Methane production during the BMP (BMP_1) test in N-L methane per g VS substrate of primary sludges of the CEPT experiment. C refers to sludge produced by cationic flocculation aid (FA); A to anionic FA; and M refers to sludge produced by an organic coagulant. RS is the reference situation where no additions were made.

Figure 1

Methane production during the BMP (BMP_1) test in N-L methane per g VS substrate of primary sludges of the CEPT experiment. C refers to sludge produced by cationic flocculation aid (FA); A to anionic FA; and M refers to sludge produced by an organic coagulant. RS is the reference situation where no additions were made.

Since FAs could be partially anaerobically digested (Chang et al. 2001), the added FAs may have contributed to the biogas production for samples C and M. However, the COD added by introducing FAs was too low (equivalent to <1 mLCH4/gVS) to explain the differences in BMP and methane production rate. With CEPT additional small particles can be removed, which would not have settled without FA dosing. These particles may have had a different biodegradability and therefore may have caused the increased digestion rates and higher BMPs for C and M. To distinguish between the physiological effects on the sludge that FAs establish, such as change in viscosity, and the difference in flocculated material (substrate), a new experiment was performed: BMP_2_CFA. In BMP_2_CFA, CFA was added in different concentration at t = 0 to the incubation bottles of the BMP experiment with primary and secondary sludge as substrate. The methane production is shown in Figure 2.
Figure 2

Methane production during a BMP test with primary, secondary sludge as substrate. CFA was added directly to the BMP test bottles at t = 0 in different concentrations (BMP_2_CFA). All samples contained the same amount and type of primary and secondary sludges.

Figure 2

Methane production during a BMP test with primary, secondary sludge as substrate. CFA was added directly to the BMP test bottles at t = 0 in different concentrations (BMP_2_CFA). All samples contained the same amount and type of primary and secondary sludges.

In BMP_2_CFA, a significant decrease in BMP was found with an increased CFA addition (7.5 and 10 g/kg), when results were compared to the BMP without additions (0 g/kg). This indicates that increased BMP values in BMP_1 of samples C and M flocculated sludge are attributable to an increased fraction of readily biodegradable material in these sludges, which were removed from the sewage during the CEPT experiment.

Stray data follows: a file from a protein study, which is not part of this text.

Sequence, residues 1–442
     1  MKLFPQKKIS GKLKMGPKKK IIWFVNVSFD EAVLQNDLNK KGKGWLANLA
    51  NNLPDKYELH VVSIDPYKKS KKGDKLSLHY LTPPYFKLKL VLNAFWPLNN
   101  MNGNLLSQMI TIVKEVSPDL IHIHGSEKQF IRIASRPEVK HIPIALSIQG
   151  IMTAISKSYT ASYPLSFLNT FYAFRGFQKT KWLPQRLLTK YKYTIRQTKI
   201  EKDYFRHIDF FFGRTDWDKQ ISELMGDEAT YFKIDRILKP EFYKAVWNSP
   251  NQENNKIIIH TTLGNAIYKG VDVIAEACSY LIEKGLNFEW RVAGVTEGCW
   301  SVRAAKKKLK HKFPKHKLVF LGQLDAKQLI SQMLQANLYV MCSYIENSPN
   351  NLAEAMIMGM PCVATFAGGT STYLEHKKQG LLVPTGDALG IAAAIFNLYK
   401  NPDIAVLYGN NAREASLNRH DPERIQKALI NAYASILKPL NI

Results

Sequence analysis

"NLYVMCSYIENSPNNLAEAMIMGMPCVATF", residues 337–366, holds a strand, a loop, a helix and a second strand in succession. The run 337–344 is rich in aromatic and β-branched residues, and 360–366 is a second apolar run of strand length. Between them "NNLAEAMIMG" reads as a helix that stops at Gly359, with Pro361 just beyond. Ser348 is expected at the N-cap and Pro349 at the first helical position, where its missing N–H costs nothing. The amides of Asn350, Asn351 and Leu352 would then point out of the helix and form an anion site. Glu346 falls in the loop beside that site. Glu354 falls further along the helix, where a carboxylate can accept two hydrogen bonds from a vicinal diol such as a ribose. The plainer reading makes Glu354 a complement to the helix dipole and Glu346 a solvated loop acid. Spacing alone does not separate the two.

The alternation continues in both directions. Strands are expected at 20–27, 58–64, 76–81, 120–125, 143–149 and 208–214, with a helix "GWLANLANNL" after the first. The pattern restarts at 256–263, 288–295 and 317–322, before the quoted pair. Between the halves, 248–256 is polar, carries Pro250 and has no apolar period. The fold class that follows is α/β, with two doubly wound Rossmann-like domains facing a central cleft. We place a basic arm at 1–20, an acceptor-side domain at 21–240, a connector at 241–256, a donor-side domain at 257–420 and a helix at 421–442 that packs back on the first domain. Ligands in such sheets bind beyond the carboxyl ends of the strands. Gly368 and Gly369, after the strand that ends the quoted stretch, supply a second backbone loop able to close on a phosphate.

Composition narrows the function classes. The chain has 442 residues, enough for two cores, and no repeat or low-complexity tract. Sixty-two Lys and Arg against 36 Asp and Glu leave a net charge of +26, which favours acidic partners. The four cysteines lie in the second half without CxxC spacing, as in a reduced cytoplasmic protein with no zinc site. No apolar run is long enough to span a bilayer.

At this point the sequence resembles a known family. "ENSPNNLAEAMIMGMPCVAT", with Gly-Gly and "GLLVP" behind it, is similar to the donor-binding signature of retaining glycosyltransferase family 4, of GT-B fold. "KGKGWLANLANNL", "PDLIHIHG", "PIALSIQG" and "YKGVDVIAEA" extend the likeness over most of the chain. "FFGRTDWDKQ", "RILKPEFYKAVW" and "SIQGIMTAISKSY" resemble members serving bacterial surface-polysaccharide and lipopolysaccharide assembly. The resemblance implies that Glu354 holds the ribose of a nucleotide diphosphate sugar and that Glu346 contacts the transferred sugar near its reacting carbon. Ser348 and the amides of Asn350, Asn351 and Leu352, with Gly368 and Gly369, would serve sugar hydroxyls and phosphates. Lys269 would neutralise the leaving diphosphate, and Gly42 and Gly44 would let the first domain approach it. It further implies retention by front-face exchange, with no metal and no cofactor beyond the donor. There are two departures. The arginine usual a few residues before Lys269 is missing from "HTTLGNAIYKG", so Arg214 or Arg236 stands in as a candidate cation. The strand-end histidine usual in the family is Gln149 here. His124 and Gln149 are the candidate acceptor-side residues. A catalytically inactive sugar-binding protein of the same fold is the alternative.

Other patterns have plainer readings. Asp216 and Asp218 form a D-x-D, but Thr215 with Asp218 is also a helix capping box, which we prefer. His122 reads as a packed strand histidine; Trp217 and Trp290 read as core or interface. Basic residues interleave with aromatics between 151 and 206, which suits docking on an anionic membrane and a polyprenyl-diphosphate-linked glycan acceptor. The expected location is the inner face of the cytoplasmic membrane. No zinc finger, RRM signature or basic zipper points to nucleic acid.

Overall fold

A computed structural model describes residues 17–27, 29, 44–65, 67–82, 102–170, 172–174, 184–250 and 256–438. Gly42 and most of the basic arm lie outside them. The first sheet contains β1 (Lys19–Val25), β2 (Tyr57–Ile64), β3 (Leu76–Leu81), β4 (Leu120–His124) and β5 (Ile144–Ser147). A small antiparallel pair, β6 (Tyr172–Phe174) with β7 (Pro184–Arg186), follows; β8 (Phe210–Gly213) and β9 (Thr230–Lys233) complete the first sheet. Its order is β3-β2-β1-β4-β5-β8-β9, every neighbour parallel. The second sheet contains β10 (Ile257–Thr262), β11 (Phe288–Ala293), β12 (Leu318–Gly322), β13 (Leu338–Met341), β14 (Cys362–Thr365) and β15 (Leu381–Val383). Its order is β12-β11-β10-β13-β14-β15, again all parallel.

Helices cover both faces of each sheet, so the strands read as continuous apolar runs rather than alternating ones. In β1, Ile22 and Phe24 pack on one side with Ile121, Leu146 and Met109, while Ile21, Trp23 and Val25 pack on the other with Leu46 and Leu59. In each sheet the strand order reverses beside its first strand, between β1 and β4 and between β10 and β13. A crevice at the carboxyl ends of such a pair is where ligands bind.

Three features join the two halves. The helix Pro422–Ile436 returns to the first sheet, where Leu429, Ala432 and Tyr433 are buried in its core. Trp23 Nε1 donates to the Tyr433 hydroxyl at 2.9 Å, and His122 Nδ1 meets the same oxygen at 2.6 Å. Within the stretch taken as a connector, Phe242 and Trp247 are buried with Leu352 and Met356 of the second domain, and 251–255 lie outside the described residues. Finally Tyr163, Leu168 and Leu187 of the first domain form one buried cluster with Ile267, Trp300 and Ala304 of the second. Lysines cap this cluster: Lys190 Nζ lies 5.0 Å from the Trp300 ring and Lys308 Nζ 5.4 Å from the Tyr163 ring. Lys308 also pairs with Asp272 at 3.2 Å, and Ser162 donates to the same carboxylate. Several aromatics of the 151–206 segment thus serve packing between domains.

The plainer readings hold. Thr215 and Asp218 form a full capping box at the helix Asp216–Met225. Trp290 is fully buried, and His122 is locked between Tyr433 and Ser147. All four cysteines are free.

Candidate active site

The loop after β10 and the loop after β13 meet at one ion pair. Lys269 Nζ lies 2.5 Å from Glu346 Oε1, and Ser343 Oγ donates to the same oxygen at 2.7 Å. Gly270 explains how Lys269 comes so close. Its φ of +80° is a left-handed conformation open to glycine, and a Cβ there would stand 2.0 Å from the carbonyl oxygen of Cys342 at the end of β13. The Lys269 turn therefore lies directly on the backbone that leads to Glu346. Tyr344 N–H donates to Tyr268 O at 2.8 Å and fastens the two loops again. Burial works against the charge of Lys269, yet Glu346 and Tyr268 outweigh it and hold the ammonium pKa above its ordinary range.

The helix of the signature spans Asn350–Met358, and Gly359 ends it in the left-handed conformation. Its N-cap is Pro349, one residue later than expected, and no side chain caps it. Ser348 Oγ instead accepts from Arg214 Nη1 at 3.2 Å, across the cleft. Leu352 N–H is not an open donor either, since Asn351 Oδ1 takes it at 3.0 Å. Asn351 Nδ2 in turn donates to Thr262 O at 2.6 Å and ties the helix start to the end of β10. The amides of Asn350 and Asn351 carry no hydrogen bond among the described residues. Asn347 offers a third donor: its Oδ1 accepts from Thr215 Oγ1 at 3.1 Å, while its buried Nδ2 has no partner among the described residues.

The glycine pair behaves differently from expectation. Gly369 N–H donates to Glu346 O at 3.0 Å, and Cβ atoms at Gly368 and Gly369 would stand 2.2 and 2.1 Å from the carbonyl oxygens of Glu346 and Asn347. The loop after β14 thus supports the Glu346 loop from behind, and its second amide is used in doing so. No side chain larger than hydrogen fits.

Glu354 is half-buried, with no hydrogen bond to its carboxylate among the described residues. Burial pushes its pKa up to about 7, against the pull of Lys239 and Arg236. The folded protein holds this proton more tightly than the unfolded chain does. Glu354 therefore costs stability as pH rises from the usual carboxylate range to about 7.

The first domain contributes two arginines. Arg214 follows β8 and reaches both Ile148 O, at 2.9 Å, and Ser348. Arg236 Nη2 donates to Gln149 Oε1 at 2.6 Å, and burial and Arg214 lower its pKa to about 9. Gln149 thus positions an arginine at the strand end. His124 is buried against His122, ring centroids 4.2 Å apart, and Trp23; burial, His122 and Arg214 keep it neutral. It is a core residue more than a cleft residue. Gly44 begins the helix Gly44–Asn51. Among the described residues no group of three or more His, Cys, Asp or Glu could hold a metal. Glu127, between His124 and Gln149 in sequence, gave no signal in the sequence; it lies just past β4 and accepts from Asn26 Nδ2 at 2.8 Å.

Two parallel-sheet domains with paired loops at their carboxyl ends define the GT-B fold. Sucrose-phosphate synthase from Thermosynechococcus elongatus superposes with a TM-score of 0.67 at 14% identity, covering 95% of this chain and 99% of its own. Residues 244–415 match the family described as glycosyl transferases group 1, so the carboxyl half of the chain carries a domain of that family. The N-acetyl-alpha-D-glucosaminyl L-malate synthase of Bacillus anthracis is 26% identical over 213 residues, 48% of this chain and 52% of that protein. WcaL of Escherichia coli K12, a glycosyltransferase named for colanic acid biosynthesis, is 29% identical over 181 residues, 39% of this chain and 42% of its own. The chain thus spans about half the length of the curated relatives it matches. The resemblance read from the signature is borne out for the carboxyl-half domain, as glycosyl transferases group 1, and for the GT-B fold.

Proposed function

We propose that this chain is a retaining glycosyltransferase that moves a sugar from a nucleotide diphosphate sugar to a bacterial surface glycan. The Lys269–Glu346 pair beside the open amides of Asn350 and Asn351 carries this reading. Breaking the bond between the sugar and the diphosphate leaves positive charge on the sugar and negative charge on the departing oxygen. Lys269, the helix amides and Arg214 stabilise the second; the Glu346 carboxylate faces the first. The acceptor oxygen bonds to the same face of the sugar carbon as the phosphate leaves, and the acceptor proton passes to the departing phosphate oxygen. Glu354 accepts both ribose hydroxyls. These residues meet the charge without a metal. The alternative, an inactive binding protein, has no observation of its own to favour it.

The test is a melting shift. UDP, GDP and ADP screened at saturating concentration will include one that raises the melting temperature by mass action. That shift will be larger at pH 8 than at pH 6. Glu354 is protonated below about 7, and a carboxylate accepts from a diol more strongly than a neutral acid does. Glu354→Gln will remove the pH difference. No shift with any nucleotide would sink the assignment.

Decreased biodegradability in BMP_2_CFA due to FA addition was observed before in other studies. Chu et al. (2003) showed that the BMP of waste activated sludge was lowered with a high cationic FA dosage (>5 g/kg). Chu et al. (2005) hypothesized that substrate mass transfer resistance causes decreased biodegradability. However, mass transfer resistance may lower the rates of AD, but will not determine the BMP, since it is a measure of the ultimate biodegradability of the substrate. Chang et al. (2001) reported that parts of the FA are not available for AD. The structure of these refractory fractions might shield substrate from hydrolysis when irreversibly bound, which could be the reason for the observed reduced BMP values noted in the literature and in BMP_2_CFA.

The rates of AD in BMP_2_CFA were also affected by the addition of CFA. The initial digestion rates were enhanced significantly (p < 0.1) in all the flocculated samples compared to the non-flocculated sample (0 g/kg): the production rate in the first 4 days was 169 ± 6 N-mL/d for the non-flocculated batch and 214 ± 3, 212 ± 0 and 206 ± 0 N-mL/d for 5, 7.5 and 10 g/kg batches, respectively. On day 1, the volatile fatty acids (VFA) concentrations of the non-flocculated batches were below the detection limit, indicating a direct conversion of VFA intermediates to methane. Apparently, methanogenesis was not the rate limiting step during the BMP assays. However, on day 4, for the flocculated batches, 84, 125, and 169 mg/L of total VFA was found in the 5, 7.5 and 10 g/kg batches, respectively. An SMA test with flocculated and non-flocculated inoculum (SMA_FA) revealed that the methanogenic activity was slightly lowered by the addition of CFA, yielding an SMA of 0.19 ± 0.00 gCOD/(gVSS·d) for the non-flocculated and 0.18 ± 0.00 gCOD/(gVSS·d) for the flocculated sludge. Based on these SMA results, the maximum expected rate of methane production in this setup was 206 N-mL/d for the non-flocculated and 195 N-mL/d for the flocculated batches. The observed VFA accumulation indicates that the initial methane production, and thus the hydrolysis rates, were enhanced by the addition of CFA and the methanogenic activity became rate limiting.

In the literature, a similar phenomenon was noted. Chu et al. (2003) reported that the addition of cationic FA to waste activated sludge digestion yields increased initial methane production rates as well; however, this was not statistically supported. In addition Li et al. (2013) reported enhanced digestion rates in the presence of cationic FA. It was postulated that increased digestion rates were the result of enhanced microbial interactions due to the reduced distance between acidogens, acetogens and methanogens, with the addition of cationic FA. However, no evidence was presented for this hypothesis.